Led by visionary Melissa Mean and in partnership with White Design, KWMC have worked with the local community to build affordable and sustainable housing for the public in Bristol. Since 2016, artists, academics, designers, architects and policy makers have been putting together ideas for housing solutions, including gap spaces and micro-plots, digital fabrication and adaptable architecture.
The Factory offers laser and CNC cutting facilities, product design and prototyping services, and opportunities for training and business support, designed to make these techniques as accessible as possible. From making furniture, signage, installations and exhibitions to creating prototypes and new designs, The Factory also offers a programme of residencies, training courses and volunteer opportunities.
Mother House Studios. London, Stroud & Dagenham, UK.
Launched in 2016 at the IKLECTIK Art Lab in London; Mother House's aim is to allow mothers to work independently alongside their children, with an integrated childcare model. The intimate, open studio space is designed for artists working in different mediums and forms to comfortably curate their practice.
Mother House observed that the field of childcare is typically under-funded, inflexible and expensive for flexible-working/low-income mothers. They have created interconnected spaces that both include in-house activities organised specifically for children, as well as bespoke professional support for artists, provided to nurture, including networking with industry contacts, opportunities to lead workshops/talks and more.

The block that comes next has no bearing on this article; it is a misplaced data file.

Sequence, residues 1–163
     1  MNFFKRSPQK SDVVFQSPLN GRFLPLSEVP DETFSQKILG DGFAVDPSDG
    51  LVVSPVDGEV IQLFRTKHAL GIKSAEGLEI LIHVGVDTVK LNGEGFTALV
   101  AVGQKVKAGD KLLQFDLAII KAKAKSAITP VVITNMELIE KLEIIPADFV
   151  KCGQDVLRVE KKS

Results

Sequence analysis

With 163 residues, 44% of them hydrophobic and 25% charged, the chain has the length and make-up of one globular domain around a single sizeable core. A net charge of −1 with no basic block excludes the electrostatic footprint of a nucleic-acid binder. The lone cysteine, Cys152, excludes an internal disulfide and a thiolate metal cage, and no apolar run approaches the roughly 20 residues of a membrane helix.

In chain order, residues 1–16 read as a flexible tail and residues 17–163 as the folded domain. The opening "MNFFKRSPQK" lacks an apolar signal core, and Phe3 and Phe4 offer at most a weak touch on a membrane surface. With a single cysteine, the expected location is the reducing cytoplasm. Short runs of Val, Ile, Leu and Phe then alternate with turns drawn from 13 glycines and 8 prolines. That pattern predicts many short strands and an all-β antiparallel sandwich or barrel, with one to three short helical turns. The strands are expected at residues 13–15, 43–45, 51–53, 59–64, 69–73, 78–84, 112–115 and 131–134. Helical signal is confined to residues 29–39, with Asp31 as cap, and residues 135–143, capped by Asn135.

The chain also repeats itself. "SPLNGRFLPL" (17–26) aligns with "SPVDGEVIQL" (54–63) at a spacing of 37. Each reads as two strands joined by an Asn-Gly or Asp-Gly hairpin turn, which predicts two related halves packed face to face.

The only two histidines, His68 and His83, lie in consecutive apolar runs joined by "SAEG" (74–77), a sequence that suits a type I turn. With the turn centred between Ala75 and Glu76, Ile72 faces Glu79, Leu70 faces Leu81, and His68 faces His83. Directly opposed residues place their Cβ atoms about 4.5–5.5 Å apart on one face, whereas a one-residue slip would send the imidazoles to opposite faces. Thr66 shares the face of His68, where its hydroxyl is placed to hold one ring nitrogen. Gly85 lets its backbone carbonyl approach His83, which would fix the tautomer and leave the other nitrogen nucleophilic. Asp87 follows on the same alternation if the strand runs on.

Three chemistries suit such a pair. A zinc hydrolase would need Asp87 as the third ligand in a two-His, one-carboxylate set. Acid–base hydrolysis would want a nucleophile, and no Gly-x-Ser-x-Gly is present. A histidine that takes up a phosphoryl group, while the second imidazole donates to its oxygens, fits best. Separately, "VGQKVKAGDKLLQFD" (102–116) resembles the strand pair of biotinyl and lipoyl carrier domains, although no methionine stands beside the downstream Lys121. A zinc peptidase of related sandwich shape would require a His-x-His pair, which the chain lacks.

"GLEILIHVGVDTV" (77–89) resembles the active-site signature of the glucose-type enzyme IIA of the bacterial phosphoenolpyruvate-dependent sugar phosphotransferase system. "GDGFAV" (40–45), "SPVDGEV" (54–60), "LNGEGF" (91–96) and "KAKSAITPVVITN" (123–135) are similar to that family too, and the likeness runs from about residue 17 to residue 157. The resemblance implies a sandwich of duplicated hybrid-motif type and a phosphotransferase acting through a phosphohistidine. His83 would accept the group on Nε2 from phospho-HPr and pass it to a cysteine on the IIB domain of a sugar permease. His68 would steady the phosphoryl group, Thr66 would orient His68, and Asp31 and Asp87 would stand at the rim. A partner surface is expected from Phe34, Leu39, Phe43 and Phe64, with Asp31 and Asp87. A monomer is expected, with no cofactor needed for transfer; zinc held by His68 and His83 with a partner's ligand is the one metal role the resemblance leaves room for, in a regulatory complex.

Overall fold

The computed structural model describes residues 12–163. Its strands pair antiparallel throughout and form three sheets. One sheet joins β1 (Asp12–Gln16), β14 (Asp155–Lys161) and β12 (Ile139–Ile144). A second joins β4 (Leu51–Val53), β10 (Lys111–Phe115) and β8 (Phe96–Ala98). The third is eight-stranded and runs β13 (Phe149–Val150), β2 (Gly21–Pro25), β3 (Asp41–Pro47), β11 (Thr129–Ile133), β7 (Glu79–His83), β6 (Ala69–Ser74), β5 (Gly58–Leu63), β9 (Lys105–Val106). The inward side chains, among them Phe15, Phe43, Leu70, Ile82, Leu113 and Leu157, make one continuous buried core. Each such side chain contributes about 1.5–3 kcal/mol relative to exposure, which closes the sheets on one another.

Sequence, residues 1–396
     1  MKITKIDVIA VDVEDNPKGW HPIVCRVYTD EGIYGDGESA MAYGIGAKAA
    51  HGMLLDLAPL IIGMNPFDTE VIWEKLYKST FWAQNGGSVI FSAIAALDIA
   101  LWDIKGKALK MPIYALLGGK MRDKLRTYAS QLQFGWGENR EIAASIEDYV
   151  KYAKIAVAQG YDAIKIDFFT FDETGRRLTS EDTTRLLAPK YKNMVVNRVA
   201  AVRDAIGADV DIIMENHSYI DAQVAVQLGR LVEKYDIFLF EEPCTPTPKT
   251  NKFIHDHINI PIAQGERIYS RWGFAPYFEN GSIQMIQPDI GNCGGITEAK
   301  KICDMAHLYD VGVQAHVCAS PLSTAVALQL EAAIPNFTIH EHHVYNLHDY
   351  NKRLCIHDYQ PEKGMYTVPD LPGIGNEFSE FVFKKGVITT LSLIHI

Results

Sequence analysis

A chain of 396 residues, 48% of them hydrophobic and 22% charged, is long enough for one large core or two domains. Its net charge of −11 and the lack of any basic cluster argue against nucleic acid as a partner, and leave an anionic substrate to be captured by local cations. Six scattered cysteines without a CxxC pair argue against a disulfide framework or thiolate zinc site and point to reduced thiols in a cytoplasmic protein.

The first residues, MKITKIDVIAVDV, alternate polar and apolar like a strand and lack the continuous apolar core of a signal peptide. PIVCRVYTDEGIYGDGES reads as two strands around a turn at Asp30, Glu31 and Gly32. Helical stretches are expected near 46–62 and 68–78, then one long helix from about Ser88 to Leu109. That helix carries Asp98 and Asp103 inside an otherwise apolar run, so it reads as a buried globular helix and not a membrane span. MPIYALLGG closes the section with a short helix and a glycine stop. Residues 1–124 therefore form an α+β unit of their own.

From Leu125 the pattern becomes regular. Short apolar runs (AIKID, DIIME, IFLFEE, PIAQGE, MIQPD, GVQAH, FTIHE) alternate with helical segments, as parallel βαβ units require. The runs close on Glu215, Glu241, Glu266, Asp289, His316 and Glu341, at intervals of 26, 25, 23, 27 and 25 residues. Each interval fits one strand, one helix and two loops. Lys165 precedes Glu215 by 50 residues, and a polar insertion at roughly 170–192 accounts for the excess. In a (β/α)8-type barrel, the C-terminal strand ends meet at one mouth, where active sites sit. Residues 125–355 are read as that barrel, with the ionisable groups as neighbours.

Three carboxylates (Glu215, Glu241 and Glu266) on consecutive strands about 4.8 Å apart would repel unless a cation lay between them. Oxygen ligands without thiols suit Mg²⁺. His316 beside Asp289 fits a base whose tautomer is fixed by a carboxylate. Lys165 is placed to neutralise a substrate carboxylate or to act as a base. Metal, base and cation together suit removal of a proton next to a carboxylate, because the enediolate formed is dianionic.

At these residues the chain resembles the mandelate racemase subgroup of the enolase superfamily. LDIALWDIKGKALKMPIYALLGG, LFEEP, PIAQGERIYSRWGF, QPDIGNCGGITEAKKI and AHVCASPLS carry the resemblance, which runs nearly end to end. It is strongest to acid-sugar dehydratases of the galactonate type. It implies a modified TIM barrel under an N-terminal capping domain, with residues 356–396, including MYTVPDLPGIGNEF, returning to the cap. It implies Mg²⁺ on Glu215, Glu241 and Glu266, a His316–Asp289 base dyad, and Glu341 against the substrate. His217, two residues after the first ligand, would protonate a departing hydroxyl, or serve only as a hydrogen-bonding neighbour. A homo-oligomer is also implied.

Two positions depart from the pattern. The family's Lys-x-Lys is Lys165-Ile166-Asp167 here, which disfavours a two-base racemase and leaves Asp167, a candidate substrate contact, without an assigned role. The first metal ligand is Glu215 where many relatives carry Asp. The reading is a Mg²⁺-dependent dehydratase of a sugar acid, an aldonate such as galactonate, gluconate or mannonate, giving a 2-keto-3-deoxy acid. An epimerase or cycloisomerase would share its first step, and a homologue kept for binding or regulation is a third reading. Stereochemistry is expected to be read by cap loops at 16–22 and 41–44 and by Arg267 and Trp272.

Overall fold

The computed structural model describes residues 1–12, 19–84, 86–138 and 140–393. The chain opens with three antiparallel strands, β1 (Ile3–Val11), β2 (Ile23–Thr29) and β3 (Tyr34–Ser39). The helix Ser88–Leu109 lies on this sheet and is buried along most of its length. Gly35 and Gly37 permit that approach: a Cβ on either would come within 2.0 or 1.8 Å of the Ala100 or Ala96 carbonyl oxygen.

Inland, Italy, Spain, The Netherlands, Scotland.
'INLAND is an Arts collective dedicated to agricultural, social and cultural production - and a collaborative agency'. It confronts the problems of a system that is collapsing at its environmental, financial and cultural levels which as a result, affecting both the planet and individuals.
INLAND is a project that examines the role of territories, geopolitics, culture and identity in the relationship between the city and the countryside today. It's aim is to introduce the possibility of contemporary art practice in relation to the rural.
INLAND started launching a cultural strategy in support of rural life over a period of three years (2010-2013), specifically made up of an international conference, artistic production with 22 artists in residence in villages across the country, and exhibitions and presentations.
Today INLAND functions as a group to open space for land-based collaborations, economies and communities-of-practice as a substrate for post-Contemporary Art cultural forms. Appearing in different forms in different countries, whilst dissolving individual agency in the collective, INLAND Europa publishes books, produces shows, and makes cheese. It also advises as a consultant for the European Union Commission on the use of art for rural development policies, facilitates shepherds movements, and is promoting access to land in different locations for collective artistic and agricultural production.
With various locations, Inland is based on three words- manifesto, art-agriculture-territory. They propose collective encouragement to reclaim means of livelihood through training, art festivals knowledge workshops, economical support and more throughout Europe.